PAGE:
Investor's Champion Blog
Provides refreshingly forthright, independent comment on predominantly small cap companies and specialist investment funds. Informed opinion, based on first-hand research, but pulls no punches in exposing management weaknesses.

It looks an 'Essentially' costly deal!

Essentially Group, the AIM listed sports marketing and media group, announced the acquisition of two leading agencies this week, Frontiers and Athletes 1. I see that it even received some nice coverage in the FT-well done the PR boys!

Frontiers is a sports marketing business specialising in cricket and Athletes 1 is one of the leading cricket athlete management agencies in the world-I never really thought of cricketers (self included) as Athletes!

Frontiers generates income from Cricket Sponsorship, Other Sport Sponsorship, Corporate consulting and Event management. Cricket sponsorship sales predominantly relate to contracts to sell in ground advertising/sponsorship for the perimeter boards of all English Test Match Grounds-a very nice little number.

For the year to 30 June 2006, Frontiers had audited turnover of £4.0 million and audited profits before tax of £0.4 million (£352,000 to be precise). Net assets as at 30 June 2006 were £0.4 million.

Athletes 1 operates an international sports management business with a strong focus on athlete representation, sponsorship and rights management within professional cricket. Clients include Anil Kumble, Ricky Ponting, Liam Plunkett, Jon Lewis, Mark Butcher and Graham Thorpe.

For the year to 31 August 2006, Athletes 1 had unaudited turnover of £1.2
million and unaudited profits before tax of £0.2 million. Net assets as at 31 August 2006 were £0.02 million. So it sounds to me like a really a small player.

I had an opportunity to participate in the placing supporting this deal (it was EIS qualifying so there was even some added incentive there) but shied away as I had the impression that the acquisitions, notably the Frontiers deal, were proving too costly.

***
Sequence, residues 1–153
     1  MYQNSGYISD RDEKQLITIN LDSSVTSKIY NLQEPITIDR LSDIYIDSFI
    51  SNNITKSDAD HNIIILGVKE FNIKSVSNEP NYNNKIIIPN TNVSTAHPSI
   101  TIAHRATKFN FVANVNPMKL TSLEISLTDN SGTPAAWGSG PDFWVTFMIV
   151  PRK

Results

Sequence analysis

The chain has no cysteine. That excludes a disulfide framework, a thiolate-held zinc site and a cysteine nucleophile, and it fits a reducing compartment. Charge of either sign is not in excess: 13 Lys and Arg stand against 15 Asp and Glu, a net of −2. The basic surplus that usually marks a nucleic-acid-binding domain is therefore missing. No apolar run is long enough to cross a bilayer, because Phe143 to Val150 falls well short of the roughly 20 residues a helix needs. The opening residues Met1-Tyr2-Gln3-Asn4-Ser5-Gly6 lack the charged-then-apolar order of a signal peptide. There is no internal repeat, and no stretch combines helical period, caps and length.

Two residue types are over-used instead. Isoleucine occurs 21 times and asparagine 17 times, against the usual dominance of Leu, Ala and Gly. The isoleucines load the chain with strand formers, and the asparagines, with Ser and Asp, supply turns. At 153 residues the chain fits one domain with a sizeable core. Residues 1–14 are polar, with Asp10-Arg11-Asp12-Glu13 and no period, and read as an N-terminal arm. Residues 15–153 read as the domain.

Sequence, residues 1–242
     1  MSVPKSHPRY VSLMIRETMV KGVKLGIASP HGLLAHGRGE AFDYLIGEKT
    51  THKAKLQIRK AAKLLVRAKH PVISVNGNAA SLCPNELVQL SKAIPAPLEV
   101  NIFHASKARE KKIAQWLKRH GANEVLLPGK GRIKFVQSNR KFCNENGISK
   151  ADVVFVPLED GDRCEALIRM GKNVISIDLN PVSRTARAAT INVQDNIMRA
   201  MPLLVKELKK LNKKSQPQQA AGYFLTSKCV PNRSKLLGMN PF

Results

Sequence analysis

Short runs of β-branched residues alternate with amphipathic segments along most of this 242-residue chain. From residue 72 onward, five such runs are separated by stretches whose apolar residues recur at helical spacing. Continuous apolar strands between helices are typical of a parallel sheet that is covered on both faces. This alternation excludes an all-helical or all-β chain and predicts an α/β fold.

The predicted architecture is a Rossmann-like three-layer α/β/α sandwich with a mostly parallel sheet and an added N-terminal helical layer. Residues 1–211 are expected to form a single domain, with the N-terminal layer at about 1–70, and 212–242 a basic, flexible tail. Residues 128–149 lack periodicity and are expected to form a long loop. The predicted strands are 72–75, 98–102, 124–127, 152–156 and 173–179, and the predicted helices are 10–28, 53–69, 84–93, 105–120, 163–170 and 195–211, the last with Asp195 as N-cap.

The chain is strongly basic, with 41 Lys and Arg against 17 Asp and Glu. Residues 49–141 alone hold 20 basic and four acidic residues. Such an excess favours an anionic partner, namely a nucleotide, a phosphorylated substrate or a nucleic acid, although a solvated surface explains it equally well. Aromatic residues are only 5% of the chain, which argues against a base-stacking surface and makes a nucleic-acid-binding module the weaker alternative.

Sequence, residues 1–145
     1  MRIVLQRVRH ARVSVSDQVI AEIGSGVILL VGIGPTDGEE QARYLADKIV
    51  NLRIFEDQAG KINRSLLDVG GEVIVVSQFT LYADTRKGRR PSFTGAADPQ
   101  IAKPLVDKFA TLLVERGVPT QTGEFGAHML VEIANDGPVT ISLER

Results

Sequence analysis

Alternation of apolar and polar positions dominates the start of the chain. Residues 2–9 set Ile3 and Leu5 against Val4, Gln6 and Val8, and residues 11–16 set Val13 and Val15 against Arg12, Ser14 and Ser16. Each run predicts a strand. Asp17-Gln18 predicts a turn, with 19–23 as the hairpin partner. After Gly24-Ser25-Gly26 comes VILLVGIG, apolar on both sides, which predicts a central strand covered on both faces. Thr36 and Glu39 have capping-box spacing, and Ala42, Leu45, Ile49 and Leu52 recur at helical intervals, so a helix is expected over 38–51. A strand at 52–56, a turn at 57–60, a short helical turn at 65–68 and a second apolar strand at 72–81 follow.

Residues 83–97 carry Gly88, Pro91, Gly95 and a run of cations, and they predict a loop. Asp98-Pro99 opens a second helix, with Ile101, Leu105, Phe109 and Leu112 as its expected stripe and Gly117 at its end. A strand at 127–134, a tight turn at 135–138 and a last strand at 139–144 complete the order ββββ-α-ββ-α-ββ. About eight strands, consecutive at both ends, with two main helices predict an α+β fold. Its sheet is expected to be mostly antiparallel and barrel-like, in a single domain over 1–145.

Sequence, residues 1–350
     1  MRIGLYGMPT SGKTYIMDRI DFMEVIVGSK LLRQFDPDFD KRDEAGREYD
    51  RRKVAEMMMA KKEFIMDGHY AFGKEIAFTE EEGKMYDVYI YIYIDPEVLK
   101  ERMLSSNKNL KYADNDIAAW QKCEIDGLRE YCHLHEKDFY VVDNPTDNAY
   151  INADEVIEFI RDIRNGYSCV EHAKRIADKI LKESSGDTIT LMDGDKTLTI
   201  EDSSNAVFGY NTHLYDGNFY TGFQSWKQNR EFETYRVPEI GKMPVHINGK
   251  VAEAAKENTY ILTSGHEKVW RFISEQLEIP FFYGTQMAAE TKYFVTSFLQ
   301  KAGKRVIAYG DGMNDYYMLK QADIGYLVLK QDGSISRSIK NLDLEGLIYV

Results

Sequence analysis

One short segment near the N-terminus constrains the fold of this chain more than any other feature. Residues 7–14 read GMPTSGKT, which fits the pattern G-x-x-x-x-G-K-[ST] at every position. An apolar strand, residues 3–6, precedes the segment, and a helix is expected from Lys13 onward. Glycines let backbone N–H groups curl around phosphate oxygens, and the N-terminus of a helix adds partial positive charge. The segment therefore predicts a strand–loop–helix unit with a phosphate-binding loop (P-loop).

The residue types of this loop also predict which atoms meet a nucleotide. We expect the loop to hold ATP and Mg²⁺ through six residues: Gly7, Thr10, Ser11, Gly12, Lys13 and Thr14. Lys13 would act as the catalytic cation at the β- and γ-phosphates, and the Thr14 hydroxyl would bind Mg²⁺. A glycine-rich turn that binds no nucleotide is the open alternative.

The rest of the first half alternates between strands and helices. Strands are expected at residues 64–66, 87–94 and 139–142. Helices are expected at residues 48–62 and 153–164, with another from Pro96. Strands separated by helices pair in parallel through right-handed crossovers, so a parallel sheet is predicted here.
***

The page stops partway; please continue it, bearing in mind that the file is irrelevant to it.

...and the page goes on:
As reported the initial consideration was £8.2million, with deferred consideration of up to £4.1million, depending on earn-out targets. Although some of the deferred in respect of the Athletes 1 deal doesn’t actually appear to be very deferred to me!

I understand that the acquisitions are expected to be earnings enhancing for the year ended 31st December 2007 and the Frontiers business in particular has great visibility, but it looks to me as if Essentially has paid through the nose for it.

Frontiers represents the largest chunk of the initial consideration of £7.9 million. Of this, £6.5m is in cash of which £5.2m is going to Pacific Investments, Sir John Beckwith’s private equity investment group. When has a private equity group ever sold out on the cheap! All the deferred consideration would be payable to management and not Pacific.

Despite the visibility, £6.5m initial sounds a lot for a business that has generated pre-tax profit of only £266,000, £164,000 and £224,000 in each of the years ended June 2004, June 2005 and June 2006 respectively. In support of the high price paid, the nature of the contracts with the Test grounds means that the group receives a lot of cash up front so operating cash flow is excellent andclearly a key attraction.

For the year ending December 2008 profit after tax for the Frontiers unit is estimated to leap to something in the region of £600,000 which goes somewhere to supporting the price. However, given the performance over the past 3 years I’m not sure how profits are going to leap so dramatically.

I think Essentially were desperate to do this deal to really beef up there business. It’s tough out there on the market for the tiddlers (even private investors prefer something a little bigger) and few seem to really worry about good old fashioned organic growth preferring to go for a business changing acquisition or two (or 10 or so in the case of SMC!).

The expenses of this tiny deal were incredibly £900,000 or just over 16% of the raising-wow that sounds a lot!

Although I did very nicely over the last 18 months through my holding in Formation Group, the other AIM listed sports agency, I’m never that keen on these small sports agency businesses where personal relationships between the client and the individual consultant are surely absolutely key. It’s not simply a matter of your business walking out of the door every night but rather your business operating on almost a virtual basis! Frontiers model appears to be different although the other businesses in the group appear to meet my virtual model.

Anyway, good luck to Essentially. I’m not too keen on the name (why do so many sports agencies have such stupid names, the biggest of the lot IMG has a nice simple name) but I hope all the acquisitions knit together as planned.


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